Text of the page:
Former Miss Zambia Cynthia Chikwanda loses job over criminal court case

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Former Miss Zambia Cynthia Chikwanda’s lawyer James Mataliro has told the Lusaka Magistrates' Court that his client has lost her job at a named company due to the current court proceedings.

This is a matter in which Chikwanda, who was crowned Miss Zambia in 1999, and a Zimbabwean national, Benjamin Chitunhu, are facing two counts of destroying evidence and being in possession of property believed to have been stolen.

Particulars of the offence in the first count allege that on January 24, this year, Chikwanda and Chitunhu working with other persons unknown had in their possession assorted parts of a motor vehicle registration number ALJ 8125.

In the second count, Chikwanda is charged with destroying evidence contrary to section 111 of the penal code chapter 87 of the Laws of Zambia.

Particulars of the offence allege that between January 23 and 24, this year, Chikwanda knowingly and willfully destroyed assorted parts of a motor vehicle registration number ALJ 8125, which were to be required in evidence in court.
The duo is also appearing in two other courts on similar charges.

Chikwanda is on bail while her co-accused is still in police custody due to failure to comply with bail conditions.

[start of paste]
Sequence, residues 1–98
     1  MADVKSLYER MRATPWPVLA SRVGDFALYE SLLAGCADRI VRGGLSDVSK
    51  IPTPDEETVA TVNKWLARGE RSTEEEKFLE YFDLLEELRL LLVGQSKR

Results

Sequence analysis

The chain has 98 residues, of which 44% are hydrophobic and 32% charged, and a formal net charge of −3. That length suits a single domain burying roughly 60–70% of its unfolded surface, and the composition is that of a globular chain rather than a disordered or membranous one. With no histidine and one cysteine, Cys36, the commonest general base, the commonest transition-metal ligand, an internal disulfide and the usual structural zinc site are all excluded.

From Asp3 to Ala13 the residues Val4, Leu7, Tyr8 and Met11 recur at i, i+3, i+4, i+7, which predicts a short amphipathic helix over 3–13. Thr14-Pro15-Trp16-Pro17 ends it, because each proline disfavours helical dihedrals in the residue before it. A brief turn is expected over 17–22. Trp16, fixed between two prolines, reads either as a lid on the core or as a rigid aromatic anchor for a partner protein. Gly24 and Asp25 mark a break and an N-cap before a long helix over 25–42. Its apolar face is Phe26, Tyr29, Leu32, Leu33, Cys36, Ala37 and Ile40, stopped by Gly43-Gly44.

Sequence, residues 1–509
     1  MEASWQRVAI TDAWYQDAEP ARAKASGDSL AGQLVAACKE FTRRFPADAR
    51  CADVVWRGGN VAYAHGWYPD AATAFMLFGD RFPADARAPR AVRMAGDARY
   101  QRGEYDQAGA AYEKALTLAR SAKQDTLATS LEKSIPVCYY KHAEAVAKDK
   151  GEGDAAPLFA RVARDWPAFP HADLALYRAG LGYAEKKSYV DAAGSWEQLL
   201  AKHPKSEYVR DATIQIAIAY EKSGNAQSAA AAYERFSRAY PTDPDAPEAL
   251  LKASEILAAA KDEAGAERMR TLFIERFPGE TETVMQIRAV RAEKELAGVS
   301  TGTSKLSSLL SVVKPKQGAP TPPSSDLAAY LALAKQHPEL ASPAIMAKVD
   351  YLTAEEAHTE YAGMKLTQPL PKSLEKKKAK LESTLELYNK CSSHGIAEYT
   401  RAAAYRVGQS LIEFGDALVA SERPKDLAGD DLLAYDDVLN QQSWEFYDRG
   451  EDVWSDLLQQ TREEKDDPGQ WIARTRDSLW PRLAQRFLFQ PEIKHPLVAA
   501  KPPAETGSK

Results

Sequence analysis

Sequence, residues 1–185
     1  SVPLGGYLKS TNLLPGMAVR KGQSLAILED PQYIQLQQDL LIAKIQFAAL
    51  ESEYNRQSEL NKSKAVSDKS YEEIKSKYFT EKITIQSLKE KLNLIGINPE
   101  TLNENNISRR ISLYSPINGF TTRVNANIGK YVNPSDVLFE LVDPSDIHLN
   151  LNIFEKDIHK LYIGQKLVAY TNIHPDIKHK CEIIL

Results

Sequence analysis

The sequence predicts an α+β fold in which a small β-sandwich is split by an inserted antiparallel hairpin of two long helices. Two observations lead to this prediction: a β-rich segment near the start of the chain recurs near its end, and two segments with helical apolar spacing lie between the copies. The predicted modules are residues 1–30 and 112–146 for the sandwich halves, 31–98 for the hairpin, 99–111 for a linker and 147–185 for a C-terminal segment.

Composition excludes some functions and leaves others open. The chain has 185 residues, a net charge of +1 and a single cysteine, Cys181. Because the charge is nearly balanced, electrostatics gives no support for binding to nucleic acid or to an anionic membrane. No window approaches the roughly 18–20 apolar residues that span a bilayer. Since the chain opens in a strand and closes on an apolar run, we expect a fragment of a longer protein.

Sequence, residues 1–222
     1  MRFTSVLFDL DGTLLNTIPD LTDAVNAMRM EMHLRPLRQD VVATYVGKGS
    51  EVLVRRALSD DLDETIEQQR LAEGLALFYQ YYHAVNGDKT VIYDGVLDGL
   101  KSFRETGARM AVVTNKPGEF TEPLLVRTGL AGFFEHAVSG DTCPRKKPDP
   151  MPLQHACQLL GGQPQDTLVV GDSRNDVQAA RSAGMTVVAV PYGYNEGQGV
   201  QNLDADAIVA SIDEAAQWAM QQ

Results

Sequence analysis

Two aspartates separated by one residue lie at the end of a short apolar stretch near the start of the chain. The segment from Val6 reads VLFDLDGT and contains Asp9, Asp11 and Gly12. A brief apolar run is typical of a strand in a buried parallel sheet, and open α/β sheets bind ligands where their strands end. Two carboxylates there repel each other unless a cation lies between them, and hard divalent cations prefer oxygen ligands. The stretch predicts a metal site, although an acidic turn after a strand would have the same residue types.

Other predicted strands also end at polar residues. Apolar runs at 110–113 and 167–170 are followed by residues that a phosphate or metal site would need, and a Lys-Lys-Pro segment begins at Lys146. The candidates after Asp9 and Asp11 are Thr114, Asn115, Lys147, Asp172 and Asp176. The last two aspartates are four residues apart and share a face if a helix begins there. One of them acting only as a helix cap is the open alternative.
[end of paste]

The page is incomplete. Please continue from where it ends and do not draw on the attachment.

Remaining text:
And when the matter came up for commencement of trial before magistrate Kate Sakwanda, Monday, the State applied for an adjournment saying the second accused, Chitunhu, and the witnesses were not before court.

However, defence lawyer, Mataliro, strongly objected to the application for an adjournment as the State didn’t give reasons as to why the accused was not brought to court.

Mataliro said his clients freedoms had been curtailed, adding that Chikwanda had already lost her job.

He further said that failure by the State to bring the second accused person to court was contemptuous because the court had previously ordered that the accused persons should appear at 09:00 hours on Monday.

He urged the court to frown upon such conduct.

Mataliro prayed that if the State was unable to bring the accused to court, then the court should discharge the accused persons as it was clear that the State was not ready to proceed.

'We strongly object the application for an adjournment and pray that this court orders the State to bring A2 before this court today. If they are unable to do that, we pray that this court discharges the accused persons. If the State organises themselves and become ready to prosecute their offences they can do, as for now it's clear that the State is not ready,'he said.
In reply, the State insisted that the court should adjourn the matter, saying adjournments were a discretion of the court.

In her ruling, magistrate Sakwanda adjourned the matter to April 18, 2019 for possible commencement of trial.

She further advised the accused lawyer to talk to the State to consolidate the matters as the accused were facing similar charges in other courts.

'Talk to the State to consolidate the matters. If that's not possible we will proceed [with trial' said magistrate Sakwanda.



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